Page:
Now that “Leading from Behind” is smoldering in Benghazi and his “Reset” of Israeli relations is burning in Gaza and Israel, what will the next four years of American foreign policy look like?
We still have global interests but no global strategy. Our game plans in the Middle East and on the Arab Spring have now been discredited. Our “pivot” to the Western Pacific in the light of a dwindling Navy will leave us choosing what theater to abandon. And don’t forget a teetering and fragmenting Europe. Equatorial Africa still can’t feed itself. Does anyone know what’s happening in South America?
We have a president who has outlived his expertise – running for office. He spent his time in the Illinois Senate running for the US Senate; he spent his time in the US Senate running for President; and he spent his first term running for a second term. He’s outrun his coverage: there’s nothing left to run for. He’s stuck with governing now, and increasingly that’s going to involve the rest of the world: foreign policy.
Ideas matter, and an administration without ideas will drift from one tactical fix to another with no overall direction, no strategic concept, and no understanding of unintended consequences. That pretty much describes our current course. It would be fruitful for the president to give some thought to a view of America that can be articulated, and our place in the world, before merely continuing his whack-a-mole approach to foreign policy. This shouldn’t be surprising. Today’s liberals are bored by foreign policy – it doesn’t involve people who can vote for them, foreign countries aren’t manipulable by social engineering, and the world works according to Realist principles rather than those of Liberal Internationalism. But ignoring the rest of the world won’t make it go away, and Mr Obama’s second term will be increasingly occupied by issues ignored or mishandled during his first.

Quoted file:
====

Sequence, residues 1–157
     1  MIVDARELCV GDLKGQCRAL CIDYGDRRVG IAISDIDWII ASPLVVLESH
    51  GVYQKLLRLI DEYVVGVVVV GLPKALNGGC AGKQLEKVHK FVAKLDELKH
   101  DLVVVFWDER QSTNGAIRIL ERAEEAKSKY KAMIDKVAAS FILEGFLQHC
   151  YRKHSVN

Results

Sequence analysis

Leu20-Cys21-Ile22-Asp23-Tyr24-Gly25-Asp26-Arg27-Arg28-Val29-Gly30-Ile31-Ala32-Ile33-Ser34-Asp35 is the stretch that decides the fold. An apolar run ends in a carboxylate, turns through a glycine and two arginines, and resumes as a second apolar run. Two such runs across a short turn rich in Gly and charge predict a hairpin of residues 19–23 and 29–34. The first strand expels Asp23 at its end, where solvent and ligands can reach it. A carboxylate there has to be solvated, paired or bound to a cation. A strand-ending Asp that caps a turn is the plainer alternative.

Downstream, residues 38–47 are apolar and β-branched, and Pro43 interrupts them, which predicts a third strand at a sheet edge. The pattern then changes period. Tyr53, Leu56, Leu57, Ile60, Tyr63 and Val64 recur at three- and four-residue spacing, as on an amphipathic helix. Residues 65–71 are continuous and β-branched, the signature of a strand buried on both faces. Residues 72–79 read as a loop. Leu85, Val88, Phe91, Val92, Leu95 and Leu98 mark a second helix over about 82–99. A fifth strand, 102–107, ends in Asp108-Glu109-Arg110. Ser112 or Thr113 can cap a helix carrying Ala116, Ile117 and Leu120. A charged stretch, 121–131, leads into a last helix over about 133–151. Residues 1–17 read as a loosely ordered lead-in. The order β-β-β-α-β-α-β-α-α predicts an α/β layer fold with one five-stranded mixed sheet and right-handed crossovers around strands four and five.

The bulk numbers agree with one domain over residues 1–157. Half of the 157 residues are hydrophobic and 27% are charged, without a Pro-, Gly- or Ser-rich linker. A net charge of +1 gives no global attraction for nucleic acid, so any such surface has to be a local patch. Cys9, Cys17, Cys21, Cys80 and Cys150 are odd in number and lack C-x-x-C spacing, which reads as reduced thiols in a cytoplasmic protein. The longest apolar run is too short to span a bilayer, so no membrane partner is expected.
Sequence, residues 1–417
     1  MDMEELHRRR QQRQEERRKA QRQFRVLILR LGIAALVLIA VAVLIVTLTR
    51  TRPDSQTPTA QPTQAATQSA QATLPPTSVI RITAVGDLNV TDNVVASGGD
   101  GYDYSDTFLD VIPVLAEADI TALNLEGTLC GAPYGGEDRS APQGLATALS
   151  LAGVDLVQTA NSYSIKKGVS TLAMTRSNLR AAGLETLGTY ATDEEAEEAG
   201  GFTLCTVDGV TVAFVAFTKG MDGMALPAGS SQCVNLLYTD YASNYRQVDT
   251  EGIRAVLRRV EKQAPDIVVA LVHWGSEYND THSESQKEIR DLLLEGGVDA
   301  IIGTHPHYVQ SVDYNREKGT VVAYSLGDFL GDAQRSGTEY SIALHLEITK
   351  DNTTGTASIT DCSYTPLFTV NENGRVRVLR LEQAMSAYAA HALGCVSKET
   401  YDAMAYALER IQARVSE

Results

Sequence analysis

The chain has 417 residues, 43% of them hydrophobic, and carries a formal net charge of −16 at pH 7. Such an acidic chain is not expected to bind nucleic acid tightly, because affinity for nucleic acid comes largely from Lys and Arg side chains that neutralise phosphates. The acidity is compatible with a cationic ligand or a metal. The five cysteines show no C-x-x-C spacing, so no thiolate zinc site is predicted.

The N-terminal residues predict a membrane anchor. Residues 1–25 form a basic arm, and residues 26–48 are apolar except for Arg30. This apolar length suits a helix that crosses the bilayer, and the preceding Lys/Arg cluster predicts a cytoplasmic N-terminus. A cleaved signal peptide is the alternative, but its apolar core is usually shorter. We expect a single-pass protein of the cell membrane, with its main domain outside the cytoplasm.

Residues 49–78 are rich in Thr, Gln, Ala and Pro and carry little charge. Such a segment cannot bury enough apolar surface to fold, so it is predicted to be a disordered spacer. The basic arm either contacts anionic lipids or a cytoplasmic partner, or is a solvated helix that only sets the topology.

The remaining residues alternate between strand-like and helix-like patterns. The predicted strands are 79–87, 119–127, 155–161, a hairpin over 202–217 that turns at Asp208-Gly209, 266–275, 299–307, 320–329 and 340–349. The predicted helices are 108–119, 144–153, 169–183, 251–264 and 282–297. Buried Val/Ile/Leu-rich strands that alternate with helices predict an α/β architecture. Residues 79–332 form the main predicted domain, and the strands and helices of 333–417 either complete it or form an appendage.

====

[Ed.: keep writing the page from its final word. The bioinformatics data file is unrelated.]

The epicenter of the withering of American influence is the Greater Middle East – Egypt, actually. During the popular uprising in Tahrir Square [Cairo] in January 2011, President Obama sent former Ambassador to Egypt Frank Wisner bearing a defined settlement to work out with Mubarak. In outline, Mubarak would agree not to run for office in September so as to facilitate an orderly peaceful transition to a new regime. Ambassador Wisner swiftly accomplished his mission. Meanwhile, back in Washington, in a press conference, Mr Obama publicly called on Mubarak to resign, and to resign “now.” Wisner left Egypt in dismay. His own president had cut the ground out from under him, and we lost a settlement that would have been far more constructive for American interests than what was to transpire.
The lesson wasn’t lost on the Arab world. Mubarak was our longest and most loyal ally in the Middle East. He worked with us on every counterterrorism measure over the last 30 years; he kept the Suez Canal open; he supported the Camp David Accords arranged by his predecessor, Anwar Sadat; and he continued to support efforts to bring about an Israeli-Palestinian compromise, and to that end he even helped blockade Hamas in Gaza. Yet in the first week that Mubarak was in trouble, we backstabed him. What all the regional leaders in the Middle East now believe is that “the minute I get into trouble the same will happen to me.” A prominent Saudi official told an American friend: “Do you think we are ever going to rely on the United States again?”
Well, now the Muslim Brotherhood, who spawned Hamas and from whom al Qaeda leader Ayman al-Zawahiri comes, is in charge of Egypt and they’re staging demonstrations at our embassy over an artfully-timed airing of “the video” on state television. One shudders to think of the Damoclean Sword of our president’s post-election “flexibility” with ex-KGB colonel Vladimir Putin.
Iran and Israel
Both President Obama and Prime Minister Netanyahu have discussed their “Red Lines,” beyond which they “would not allow Iran to cross” in their nuclear program. Understandably, the Red Lines are in different places (and therefore are closing at different rates). Mr Obama has said that our Red Line is “Their decision to make nuclear weapons.” Mr Netanyahu’s Red Line “Their ability to produce a nuclear weapon.”